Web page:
References

Women are turning to birth control smartphone apps for a reason. 2018. http://bit.ly/2LFrx5J (accessed 29 August 2018)

Could an algorithm replace the pill?. 2016. http://bit.ly/2LGbx3c (accessed 29 August 2018)

Advert for ‘Natural Cycles’ contraceptive app banned for exaggerating effectiveness. 2016. http://bit.ly/2C0NNHD (accessed 29 August 2018)

NHS. Would you trust a smartphone app as a contraceptive?. 2016. http://bit.ly/2C0xQ43 (accessed 29 August 2018)

‘I felt colossally naïve’: the backlash against the birth control app. 2018. http://bit ly/2LGT7Qd (accessed 29 August 2018)

Contraception app advert banned by UK regulator. 2018. https://bbc.in/2PQhnmc (accessed 29 August 2018)

Apps for health: What does the future hold?

02 September 2018
2 min read
Volume 26 · Issue 9

The fertility tracking app Natural Cycles has once again hit headlines. The Advertising Standards Authority banned its adverts, saying that claims implied that it was ‘a precise and reliable method of preventing pregnancies which could be used in place of other established birth control methods’ (Wakefield, 2018).

The app, although a recent development, is based on the rhythm method, which of course is not new at all. Women take their temperature at the same time each morning, preferably before sitting up, and log it via the app, which uses readings to predict when a woman will be fertile. Natural Cycles claims a 99% efficacy rate (Morley, 2018) and became the first and only app to be approved as a contraceptive by the US Food and Drug Administration and the EU.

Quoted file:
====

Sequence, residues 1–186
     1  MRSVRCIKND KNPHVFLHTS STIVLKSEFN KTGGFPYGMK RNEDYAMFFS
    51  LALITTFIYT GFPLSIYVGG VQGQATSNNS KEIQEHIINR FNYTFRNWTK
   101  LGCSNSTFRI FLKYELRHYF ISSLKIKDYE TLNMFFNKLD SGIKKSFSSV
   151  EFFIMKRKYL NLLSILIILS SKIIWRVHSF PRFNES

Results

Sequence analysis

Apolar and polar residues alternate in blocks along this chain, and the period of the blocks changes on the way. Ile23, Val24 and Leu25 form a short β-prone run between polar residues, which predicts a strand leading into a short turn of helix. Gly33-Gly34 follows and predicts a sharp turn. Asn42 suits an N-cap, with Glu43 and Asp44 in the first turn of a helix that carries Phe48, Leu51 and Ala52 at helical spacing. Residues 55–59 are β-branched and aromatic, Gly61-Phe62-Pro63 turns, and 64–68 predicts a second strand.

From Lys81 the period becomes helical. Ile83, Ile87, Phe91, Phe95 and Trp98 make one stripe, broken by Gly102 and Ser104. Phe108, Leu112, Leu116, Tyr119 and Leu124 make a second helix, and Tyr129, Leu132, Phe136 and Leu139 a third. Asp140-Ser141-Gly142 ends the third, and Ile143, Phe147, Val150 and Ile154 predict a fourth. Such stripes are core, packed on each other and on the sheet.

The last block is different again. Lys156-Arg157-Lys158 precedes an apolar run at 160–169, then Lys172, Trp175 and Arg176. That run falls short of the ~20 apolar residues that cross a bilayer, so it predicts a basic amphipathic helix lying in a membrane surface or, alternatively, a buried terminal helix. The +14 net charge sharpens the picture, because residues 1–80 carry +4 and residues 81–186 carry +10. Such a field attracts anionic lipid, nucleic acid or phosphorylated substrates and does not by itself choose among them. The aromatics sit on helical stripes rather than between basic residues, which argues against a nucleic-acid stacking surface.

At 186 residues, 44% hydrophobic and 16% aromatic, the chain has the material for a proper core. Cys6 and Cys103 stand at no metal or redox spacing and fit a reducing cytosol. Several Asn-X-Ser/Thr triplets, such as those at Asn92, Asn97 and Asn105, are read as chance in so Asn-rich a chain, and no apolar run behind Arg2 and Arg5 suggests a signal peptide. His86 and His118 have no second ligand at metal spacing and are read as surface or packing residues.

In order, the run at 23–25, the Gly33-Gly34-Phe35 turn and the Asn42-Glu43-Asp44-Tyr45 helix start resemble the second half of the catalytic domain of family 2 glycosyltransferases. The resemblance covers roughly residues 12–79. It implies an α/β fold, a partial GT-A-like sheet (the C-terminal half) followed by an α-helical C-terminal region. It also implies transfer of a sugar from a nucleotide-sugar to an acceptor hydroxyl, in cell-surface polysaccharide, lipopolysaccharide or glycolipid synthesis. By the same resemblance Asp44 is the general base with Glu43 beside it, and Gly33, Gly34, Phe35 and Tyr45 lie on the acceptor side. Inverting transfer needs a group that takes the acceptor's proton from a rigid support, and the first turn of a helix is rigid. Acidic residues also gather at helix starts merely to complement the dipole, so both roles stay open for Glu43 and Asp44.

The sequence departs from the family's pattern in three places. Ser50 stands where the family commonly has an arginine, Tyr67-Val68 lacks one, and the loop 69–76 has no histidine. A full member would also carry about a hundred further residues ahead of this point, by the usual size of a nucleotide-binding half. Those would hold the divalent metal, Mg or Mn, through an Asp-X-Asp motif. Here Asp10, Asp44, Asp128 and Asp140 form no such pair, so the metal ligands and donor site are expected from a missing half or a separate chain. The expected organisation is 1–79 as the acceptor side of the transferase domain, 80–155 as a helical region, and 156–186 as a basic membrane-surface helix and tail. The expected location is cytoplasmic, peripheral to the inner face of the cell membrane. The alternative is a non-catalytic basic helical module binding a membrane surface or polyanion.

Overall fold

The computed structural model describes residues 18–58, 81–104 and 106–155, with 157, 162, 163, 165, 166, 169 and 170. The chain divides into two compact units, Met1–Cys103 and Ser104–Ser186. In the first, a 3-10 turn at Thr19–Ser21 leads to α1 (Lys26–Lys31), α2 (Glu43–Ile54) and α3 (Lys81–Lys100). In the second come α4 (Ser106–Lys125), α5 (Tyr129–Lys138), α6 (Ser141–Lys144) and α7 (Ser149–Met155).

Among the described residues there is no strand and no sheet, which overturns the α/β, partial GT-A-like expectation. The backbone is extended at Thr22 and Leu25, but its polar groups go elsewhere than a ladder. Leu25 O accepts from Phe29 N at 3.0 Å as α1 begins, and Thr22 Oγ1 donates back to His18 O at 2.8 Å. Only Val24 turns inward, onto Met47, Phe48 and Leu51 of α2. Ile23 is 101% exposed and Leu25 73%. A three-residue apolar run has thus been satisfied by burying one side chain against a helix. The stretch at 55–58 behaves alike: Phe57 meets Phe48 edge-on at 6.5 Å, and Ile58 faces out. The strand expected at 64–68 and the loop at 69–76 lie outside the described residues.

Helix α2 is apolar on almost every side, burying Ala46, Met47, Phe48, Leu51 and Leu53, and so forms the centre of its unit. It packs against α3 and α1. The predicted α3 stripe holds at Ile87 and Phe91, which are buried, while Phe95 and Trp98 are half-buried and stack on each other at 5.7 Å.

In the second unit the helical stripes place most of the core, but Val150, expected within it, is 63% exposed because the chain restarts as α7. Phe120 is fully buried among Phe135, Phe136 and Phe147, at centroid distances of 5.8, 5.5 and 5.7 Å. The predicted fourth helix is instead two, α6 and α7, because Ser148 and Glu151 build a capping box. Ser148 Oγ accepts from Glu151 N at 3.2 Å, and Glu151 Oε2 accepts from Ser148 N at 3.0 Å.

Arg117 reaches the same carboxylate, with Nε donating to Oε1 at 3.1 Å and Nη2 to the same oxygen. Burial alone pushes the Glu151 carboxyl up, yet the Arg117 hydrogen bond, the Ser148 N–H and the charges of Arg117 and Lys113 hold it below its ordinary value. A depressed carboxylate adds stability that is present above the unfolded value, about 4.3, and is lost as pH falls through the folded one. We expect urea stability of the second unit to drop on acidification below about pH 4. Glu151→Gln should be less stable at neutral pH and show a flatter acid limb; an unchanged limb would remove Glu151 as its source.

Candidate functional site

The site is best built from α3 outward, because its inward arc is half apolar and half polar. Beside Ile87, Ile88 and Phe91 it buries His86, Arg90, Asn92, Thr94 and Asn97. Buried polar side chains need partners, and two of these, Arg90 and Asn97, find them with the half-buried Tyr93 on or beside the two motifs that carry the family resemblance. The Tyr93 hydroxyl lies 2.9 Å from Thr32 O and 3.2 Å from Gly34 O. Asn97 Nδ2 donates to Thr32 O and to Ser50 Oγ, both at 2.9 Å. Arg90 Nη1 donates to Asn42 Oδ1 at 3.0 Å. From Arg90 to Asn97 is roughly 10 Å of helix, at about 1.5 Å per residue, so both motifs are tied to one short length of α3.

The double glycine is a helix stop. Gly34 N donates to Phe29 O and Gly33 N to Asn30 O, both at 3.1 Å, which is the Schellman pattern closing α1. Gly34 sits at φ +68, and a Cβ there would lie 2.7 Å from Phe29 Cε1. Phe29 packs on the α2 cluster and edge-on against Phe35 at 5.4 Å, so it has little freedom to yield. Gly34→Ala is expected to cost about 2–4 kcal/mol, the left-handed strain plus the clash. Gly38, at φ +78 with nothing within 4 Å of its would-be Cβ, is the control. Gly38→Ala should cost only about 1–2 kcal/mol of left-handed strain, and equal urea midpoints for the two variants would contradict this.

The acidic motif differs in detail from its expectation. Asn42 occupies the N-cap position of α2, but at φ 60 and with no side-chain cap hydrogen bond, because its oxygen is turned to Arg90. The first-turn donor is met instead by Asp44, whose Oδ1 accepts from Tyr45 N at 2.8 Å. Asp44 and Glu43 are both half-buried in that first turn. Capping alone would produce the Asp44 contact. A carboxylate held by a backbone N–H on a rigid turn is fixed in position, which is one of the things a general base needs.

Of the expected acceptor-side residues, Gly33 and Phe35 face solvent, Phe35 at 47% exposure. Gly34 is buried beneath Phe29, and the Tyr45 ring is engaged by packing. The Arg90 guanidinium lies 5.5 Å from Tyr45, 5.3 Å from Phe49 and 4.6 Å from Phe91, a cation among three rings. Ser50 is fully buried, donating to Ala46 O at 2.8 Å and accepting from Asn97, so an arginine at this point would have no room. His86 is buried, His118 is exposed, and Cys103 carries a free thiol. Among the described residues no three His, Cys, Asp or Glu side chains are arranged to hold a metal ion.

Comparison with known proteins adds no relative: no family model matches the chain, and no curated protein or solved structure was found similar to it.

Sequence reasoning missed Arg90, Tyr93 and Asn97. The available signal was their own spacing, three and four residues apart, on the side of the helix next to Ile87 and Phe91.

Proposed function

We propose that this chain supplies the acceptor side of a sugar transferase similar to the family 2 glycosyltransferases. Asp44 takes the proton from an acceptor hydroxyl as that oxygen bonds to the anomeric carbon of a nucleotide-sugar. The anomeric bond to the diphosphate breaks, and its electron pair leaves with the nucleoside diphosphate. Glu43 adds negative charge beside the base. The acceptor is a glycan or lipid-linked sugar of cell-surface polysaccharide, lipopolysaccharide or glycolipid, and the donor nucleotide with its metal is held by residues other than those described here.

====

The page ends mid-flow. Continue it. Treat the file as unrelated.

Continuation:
Since then, however, stories have emerged of women becoming pregnant after using the app (Sudjic, 2018; Foster, 2018), and developers have been forced to clarify its efficacy after a study found that 7 women in 100 would become pregnant with typical use—not 5 in 1000 as previously claimed (NHS, 2016). In addition, developers have explained that the ideal user is in fact a woman in a stable relationship who is planning to have children and would like to ease herself off hormonal contraception (Lundin, 2016). The temperature recording is hypersensitive, affected not just by travel or shift work; but also by fever, late nights or any kind of insomnia or temperature change (Foster, 2018) (the recent UK heatwave must have produced some pretty interesting readings). Natural Cycles also relies on women (who can download the app without consulting a health professional) evaluating its suitability and using it correctly, with little room for error.

Nevertheless, estimates suggest that Natural Cycles has more than 300 000 users (Wakefield, 2018), so what has it got right? Its developers recognised a real demand for hormone-free contraceptives, since many women can point to a litany of adverse side effects that they or their friends have experienced (Foster, 2018). Developers also recognised that women value control and informed choice over their bodies, and that these women are busy: they use their smartphones to organise and inform many other aspects of their lives, so the convenience, ease and discretion of a contraceptive app is not to be ignored.

As a result of the increasing use of smartphones, we will certainly see more health apps in future, and there are many lessons that can be learned from Natural Cycles. Smartphone apps provide informed choice via a medium that is familiar and readily accessed; however, there can be no assumptions made about the likelihood of perfect use, given users' busy lives. Natural Cycles therefore exemplifies how technological healthcare interventions are all grappling with the same problem: users may want control over monitoring their health, but developers should recognise that convenience and lifestyle constraints may win out.